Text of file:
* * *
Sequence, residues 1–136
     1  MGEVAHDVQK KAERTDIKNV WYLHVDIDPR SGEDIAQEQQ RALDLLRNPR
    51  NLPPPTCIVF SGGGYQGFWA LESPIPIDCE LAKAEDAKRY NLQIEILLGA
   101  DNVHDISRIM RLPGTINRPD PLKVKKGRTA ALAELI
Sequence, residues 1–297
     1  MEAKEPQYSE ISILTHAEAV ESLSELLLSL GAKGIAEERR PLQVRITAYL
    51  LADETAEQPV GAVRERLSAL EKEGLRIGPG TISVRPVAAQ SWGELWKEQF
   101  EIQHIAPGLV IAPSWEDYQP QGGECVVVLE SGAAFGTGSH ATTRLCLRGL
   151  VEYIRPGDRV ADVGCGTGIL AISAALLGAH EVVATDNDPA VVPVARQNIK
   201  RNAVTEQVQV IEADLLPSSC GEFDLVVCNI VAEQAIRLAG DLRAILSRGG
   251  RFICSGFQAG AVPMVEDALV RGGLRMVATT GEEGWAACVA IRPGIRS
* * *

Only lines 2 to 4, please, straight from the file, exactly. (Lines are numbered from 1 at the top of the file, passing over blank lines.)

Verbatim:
     1  MGEVAHDVQK KAERTDIKNV WYLHVDIDPR SGEDIAQEQQ RALDLLRNPR
    51  NLPPPTCIVF SGGGYQGFWA LESPIPIDCE LAKAEDAKRY NLQIEILLGA
   101  DNVHDISRIM RLPGTINRPD PLKVKKGRTA ALAELI